Tending the Spark
Protect fragile ideas from an early death
When I visited a panda sanctuary in Sichuan a few years ago, I nearly wept for the plight of these creatures.
How could nature design such a delightful creature, and then place it through the evolutionary equivalent of a death march? The poor thing only eats low-nutrition bamboo, so in order to keep a full belly, it has to eat enormous amounts — a hard to do when its bamboo forests are being cleared away. If that isn’t stressful enough, all that eating doesn’t leave much time for panda amour, which is complicated enough given there is only a 36-hour window every year for a female panda to get pregnant. And even if that rarity should occur, a baby panda at birth has the size and capability of a stick of butter — deaf, blind, unable to move for three months. In the hands of its 200-pound mother, the chance of death by accidental smushing is, sadly, quite high.
So many forces conspire to kill the panda off. Is it nothing short of a miracle, then, that one could be born, could survive that treacherous first year, could eat and eat and eat and grow into that icon the world knows and adores?
The same thing could be said of ideas.
Oh, there are hundreds of ways for an idea to die.
It could get skewered with facts. Data shows us that this probably won’t work.
It could bleed to death from a thousand little inquisitorial pokes. Have you thought about what happens when X, Y, and Z? Hmm, you haven’t? This idea isn’t super well-baked, is it?
It could lose in the gladiatorial arena. Isn’t this idea pretty similar to that idea over there? And since someone’s already doing that idea, does it really make sense for us to do this?
It could shrivel up in the sun after being left out for too long. I know we’ve been saying we’d go deeper on exploring this idea, but it’s just not a priority right now.
It could be lost to the sea, with nothing to anchor it down. It’s not a bad idea, but I don’t see how it relates to the bigger picture of what we’re trying to do.
It could be publicly executed. As the decision-maker, I’m just not in support of this idea.
It could never be given an opportunity to live. If only I had more time to think about this problem, I’m sure I’d come up with something awesome.
Or… it could die simply from a lack of care. A subtle glance at a phone screen instead of listening, a question lined with skepticism, a change of subject —
— Poof, and another idea vanishes, scatters to the dust.
I myself have played a part in the death of hundreds, maybe thousands of ideas.
On occasion, I have been ashamed of the reason, because it was about wanting the satisfaction of being right, or coming across as clever.
But even when I have the best of intentions — to save time, to prevent a march down the path of a bad idea, to guard against the folly of the Idea Person — I’m coming to the realization that I don’t want to be that person, the one who cuts young ideas down until we no longer have a forest at all.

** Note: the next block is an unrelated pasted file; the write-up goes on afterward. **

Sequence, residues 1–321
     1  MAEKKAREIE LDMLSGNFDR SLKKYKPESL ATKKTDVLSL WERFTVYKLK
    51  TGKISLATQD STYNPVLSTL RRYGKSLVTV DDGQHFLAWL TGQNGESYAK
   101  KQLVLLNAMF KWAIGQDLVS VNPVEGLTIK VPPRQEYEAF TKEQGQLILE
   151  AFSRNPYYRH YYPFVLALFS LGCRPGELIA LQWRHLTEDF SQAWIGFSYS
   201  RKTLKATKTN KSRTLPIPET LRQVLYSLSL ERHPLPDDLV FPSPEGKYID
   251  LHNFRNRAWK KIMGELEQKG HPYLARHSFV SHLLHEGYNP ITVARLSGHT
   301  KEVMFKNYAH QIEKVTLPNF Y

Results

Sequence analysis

Yes, ideas are like pandas. Few will make it. Only the fittest will survive.
But here is the crucial difference between the two: ideas can morph and change. A mediocre idea, shaped through the right circumstances, can evolve into a great one. Two so-so proposals can get together and birth a masterpiece.
If you end an idea too early, it may never have the chance to find its legs. Because the kinds of ideas that tend to withstand those early attacks are the ones that are safe: the derivative, the obvious, the incremental. We’ve all seen those movies. We know how they end.
We also know that most of the ideas that end up changing the world are the ones that look crazy in the beginning, that some large number of rational people think are straight-up bad.
Here’s the thing: in every idea, no matter how good or bad it is at face value—there is a spark. Something that is interesting and meaningful. It may be barely a flicker, but it is there. Because why else would the inventor have gotten excited about it?
Maybe the spark is in the problem that is identified. Maybe it’s a new perspective on how to look at what we’re trying to do. Maybe it’s a wonderfully executed detail. Those sparks deserve to be tended.
I want to be the kind of person who looks at every idea, no matter how immature, and seeks to uncover that spark. I want to plant and water these gleaming seeds until they shoot towards the sky and inspire a forest of follow-through. This doesn’t mean irrational exuberance. An idea’s shortcomings should always be called out, without bias, without the muddle of context. What it does mean is asking questions to gather intent rather than shutting down a proposal at face value; what it does mean is peering into the future with a sense of optimism.
This is what a good design brainstorm, critique, or exploration does — it’s not about deciding whether to kill a thing because it won’t work, but about growing the pieces of it that will.
Young ideas and pandas are fragile things.
And yet, in the panda sanctuary I observed, there were people who made it their life’s work to ensure the animals had their fill to eat, who preserved and then grew their bamboo forests, who researched panda amour-time and helped them breed at just the right moment, who carefully monitored the babies to reduce death by accidental smushing. It’s because of these efforts that in the last decade, the number of pandas has grown by over 16%.
Let’s do the same for ideas. Let’s identify and grow the best parts of each. Let’s protect them when they are young, so that they’ll have a chance to become what the world knows and adores.